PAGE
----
Prop Artist Shows 18 Actors Next To The Creepiest Roles They’ve Played
Margareth SPublished on
We grow up with many roles in our life. With role models, people praise and idolize and with villainous and scary roles that accompany our nightmares. Angela Norris from Fxattics Studios loves editing celebrities next to scary and horror roles they’ve done in movies.
The Brooklyn-based prop artist makes Halloween masks and other props as her job. Making montages like this was a recent hobby of her that gained popularity among her followers, and she decided to do it with other actors as well.
Jonathan Breck: Creeper from ‘Jeepers Creepers.’
Quinn Lord: San from ‘Trick ‘R Treat.’
Bill Skarsgård: Pennywise from ‘IT.’
Have you ever thought about why people love horror movies? To some extent, horror movies actually provide comfort to the viewers. Some of you might find this statement unbelievable, but this study summarizes the three reasons as tension, relevance, and unrealism. The jumpscares and unreal sequences of events set down this tranquil feeling for the viewers divided by a single screen.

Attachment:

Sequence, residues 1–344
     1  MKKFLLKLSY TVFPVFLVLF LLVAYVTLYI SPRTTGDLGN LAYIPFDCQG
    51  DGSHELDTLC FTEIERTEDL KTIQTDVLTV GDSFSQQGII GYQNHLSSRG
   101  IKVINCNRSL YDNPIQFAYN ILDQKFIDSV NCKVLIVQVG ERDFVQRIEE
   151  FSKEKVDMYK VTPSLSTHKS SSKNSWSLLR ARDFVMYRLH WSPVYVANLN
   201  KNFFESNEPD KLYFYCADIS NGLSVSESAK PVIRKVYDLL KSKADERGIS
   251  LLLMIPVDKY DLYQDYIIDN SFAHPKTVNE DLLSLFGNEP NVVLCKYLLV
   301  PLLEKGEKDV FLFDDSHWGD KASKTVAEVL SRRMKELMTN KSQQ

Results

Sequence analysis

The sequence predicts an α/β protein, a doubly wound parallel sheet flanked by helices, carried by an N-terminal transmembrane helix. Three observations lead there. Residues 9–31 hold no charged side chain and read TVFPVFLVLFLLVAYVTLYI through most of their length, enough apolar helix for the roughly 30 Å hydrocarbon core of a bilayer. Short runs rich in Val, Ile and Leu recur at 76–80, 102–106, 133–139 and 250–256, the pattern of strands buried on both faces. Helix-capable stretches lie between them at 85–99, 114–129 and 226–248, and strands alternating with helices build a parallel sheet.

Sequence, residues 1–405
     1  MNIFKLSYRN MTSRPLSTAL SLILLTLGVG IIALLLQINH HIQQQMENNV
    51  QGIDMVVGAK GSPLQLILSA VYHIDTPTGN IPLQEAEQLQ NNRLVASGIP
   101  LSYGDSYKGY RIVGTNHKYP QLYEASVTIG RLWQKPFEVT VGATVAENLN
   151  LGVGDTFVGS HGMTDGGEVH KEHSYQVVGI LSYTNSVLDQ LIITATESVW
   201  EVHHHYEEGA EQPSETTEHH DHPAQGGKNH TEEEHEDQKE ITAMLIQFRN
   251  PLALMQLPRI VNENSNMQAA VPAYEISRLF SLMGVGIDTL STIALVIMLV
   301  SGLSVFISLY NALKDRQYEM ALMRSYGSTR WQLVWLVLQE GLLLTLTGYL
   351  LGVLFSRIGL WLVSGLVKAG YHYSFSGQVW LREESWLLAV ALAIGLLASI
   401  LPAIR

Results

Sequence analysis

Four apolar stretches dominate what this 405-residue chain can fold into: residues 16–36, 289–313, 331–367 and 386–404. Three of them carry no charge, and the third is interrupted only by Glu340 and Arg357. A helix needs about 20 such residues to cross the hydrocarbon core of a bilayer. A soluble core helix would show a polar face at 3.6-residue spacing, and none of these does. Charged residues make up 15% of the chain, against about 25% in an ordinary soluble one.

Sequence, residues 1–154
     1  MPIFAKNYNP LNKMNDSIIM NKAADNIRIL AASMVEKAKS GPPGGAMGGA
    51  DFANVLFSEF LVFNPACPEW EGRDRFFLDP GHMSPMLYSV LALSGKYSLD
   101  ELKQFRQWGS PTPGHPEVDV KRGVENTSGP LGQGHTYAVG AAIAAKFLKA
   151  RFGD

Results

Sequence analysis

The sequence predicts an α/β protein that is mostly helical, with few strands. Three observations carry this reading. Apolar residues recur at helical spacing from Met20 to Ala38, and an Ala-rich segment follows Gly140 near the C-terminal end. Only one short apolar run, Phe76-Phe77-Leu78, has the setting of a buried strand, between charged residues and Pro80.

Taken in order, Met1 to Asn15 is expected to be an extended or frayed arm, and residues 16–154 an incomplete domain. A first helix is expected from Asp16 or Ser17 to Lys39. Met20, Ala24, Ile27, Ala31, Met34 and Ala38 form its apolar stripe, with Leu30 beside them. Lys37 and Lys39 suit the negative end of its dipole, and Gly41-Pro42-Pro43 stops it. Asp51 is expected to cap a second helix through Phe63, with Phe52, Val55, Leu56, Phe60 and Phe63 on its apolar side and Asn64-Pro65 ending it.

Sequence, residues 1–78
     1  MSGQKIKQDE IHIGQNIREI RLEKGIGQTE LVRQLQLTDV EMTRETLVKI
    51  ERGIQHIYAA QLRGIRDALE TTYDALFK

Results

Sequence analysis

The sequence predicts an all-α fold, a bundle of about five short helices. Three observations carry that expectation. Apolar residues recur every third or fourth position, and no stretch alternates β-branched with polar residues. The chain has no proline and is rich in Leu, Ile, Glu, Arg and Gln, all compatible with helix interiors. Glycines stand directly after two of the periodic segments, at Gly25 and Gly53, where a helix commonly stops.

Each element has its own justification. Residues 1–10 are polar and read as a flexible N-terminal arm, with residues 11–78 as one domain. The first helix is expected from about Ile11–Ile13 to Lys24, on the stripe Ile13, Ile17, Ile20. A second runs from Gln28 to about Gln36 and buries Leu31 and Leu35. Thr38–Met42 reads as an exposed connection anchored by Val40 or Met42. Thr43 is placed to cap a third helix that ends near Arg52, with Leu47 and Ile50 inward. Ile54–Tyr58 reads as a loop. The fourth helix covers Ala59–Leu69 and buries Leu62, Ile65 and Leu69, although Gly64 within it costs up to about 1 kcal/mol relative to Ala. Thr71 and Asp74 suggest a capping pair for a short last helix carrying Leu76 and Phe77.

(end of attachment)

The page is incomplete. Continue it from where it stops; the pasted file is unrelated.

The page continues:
David Howard Thornton: Clown from ‘Terrifier.’
Brad Dourif: Chucky from ‘Child’s Play.’
Gunnar Hansen: Leatherface from ‘The Texas Chain Saw Massacre.’
Michael Keaton: Beetlejuice from ‘Beetlejuice.’
Daveigh Chase: Samara from ‘The Ring.’
Bonnie Aarons: Valak from ‘The Nun.’
Abby Moss who suffers from an anxiety disorder often worries about things way out of scale; a falling comet, terminal fatal diseases, fear of being a psychopath, etc. She told Vice, “I’m lucky that my anxiety is moderate enough for me to handle it without medication… But when it gets really bad, there’s one instant fix that makes me feel better: a horror film.”
Warwick Davis: Leprechaun from ‘Leprechaun.’
Doug Bradley: Pinhead from ‘Hellraiser.’
Tim Curry: Lord of Darkness from ‘Legend,’ Pennywise from ‘IT,’ and Frank N. Furter from ‘Rocky Horror Picture Show.’
Tony Moran: Michael Myers from ‘Halloween.’
Robert Englund: Freddy Krueger from ‘A Nightmare On Elm Street.’
Dr. Mathias Clasen from Aarhus University from Denmark explains, “There’s psychological distance when we watch a horror film. We know it’s not real—or at least, some parts of our brain know it isn’t real. Other parts—ancient structures located in the limbic system—respond as though it were real.”
Another reason might be the hyperactive amygdala, common in people with anxiety, is getting used to scary experiences through horror movies. This is similar to exposure therapy that people who wish to cure their phobias go to.